CSCI 150: Lab 3
Visualizations
Due: 10PM on Tuesday, February 27
The purpose of this lab is to:
 Introduce basic graphics
 Practice loops using graphics
 Program your first visualizations!
Before you begin, please create a folder called lab03 inside your cs150 folder (for a refresher, here's how you did this on lab 02). This is where you should put all files made for this lab.
Part 1  Picture This
sketchy.py: 10 points.
Implement a Design 
Create a program called sketchy.py that draws the picture you designed on your prelab using the picture module.
Using the picture moduleWe have provided you with a module picture that lets you draw pictures. To use it you need to:

Handin: 
Please handin what you have of your lab so far.
Important NoteWe would love to add some decoration to the two lab rooms, and your art work could really make the place feel more like home. If you do not want you art work printed and displayed in the labs, please indicate so in your README file. Otherwise, we will try to print it out and add it to the labs! 
Part 2  Walk Like an Egyptian
pyramid.py: 14 points, partner allowed.
If you choose to work with a partner, only one of you should submit a solution, but both of you should indicate your partner and who submitted a solution in your README files. You should also both read the Recurse Center's guide on pair programming before you begin.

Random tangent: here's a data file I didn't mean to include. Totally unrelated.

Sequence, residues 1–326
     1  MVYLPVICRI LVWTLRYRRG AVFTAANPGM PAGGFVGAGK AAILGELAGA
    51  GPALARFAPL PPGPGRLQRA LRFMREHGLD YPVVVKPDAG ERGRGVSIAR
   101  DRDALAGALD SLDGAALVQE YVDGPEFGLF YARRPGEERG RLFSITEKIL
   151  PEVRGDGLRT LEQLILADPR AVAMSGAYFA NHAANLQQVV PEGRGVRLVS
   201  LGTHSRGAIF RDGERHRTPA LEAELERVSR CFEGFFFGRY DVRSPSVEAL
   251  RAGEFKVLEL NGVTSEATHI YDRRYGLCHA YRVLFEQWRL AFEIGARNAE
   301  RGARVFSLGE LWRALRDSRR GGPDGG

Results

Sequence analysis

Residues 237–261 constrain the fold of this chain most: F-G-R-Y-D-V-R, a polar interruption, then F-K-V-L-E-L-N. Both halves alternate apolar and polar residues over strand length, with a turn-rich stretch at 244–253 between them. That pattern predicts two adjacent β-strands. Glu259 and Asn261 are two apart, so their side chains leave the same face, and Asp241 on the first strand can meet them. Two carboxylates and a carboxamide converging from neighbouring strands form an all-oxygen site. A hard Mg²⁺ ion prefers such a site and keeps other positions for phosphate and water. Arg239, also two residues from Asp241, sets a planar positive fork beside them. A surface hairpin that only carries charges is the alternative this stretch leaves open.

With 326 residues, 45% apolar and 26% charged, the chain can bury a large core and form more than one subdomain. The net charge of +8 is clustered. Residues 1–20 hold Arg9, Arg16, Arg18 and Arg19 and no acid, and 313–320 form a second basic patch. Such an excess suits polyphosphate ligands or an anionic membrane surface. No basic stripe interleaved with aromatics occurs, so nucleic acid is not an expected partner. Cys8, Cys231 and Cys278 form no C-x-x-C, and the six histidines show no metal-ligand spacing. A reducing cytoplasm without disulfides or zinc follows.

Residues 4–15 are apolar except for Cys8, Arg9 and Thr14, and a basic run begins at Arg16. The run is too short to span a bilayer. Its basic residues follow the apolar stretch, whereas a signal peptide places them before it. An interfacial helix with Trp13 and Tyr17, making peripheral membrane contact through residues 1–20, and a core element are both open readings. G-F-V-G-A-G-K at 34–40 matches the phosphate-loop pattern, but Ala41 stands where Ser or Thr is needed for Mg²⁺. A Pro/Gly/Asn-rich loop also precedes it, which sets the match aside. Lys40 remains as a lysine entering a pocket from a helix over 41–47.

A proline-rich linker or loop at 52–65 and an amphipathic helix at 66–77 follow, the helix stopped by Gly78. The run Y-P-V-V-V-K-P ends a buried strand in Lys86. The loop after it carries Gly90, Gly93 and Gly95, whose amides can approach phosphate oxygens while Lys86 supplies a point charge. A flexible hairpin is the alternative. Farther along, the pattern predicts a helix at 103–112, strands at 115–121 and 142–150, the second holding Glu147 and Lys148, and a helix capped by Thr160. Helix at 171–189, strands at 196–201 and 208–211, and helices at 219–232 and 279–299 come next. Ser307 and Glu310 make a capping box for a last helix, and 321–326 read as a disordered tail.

Describe the Problem 
Write a program called pyramid.py that draws a pyramid of bricks based on user input.
Input: An integer for the width of the image (width) and the height in bricks of the pyramid (n). Output: An image of a pyramid that is n bricks tall in a square canvas width wide (and thus width tall). 
Understand the Problem 
Here are three sample outputs for your reference. Notice that the pyramid doesn't necessarily fill the entire canvas to the right and to the top; if the canvas width is not evenly divisible by the number of bricks, then there will be extra blank space. (A question for you to ponder: why is there so much blank space in the third example? Seems like you could fit lots of extra bricks both to the right and up top...)
400 x 400, 3 bricks. 400 x 400, 17 bricks. 400 x 400, 123 bricks. 
Design an Algorithm 
Write pseudocode to draw the appropriate pyramid. The algorithm is:
For each row i of the pyramid
Of course, this leaves a lot of details out! The first question you should answer is "How many rows are there in the pyramid?" Hopefully it is clear that the answer here is n.
So we can rewrite the algorithm as:
For each row i from 0 to n1 do
But drawing row i of the pyramid is a whole process in itself. To draw row i of the pyramid, we need to answer the following questions(which you answered on your prelab):
For each row i from 0 to n1 do
If we were to implement this pseudocode, we would see that all the rows would be squished up against the lefthand side of the canvas... that is, we haven't taken into account that each row itself starts a little bit further to the right than the row below it. Thus, our next questions (which you answered on your prelab):
For each row i from 0 to n1 do

Implement a Design 
Now that you have a detailed algorithm in pseudocode, translate it (bit by bit!) into a Python program named pyramid.py. Although your final program should get the width and number of bricks from the user, you may want to temporarily hardcode this values into your program (using the example values above, perhaps) for now because it will make testing easier for now.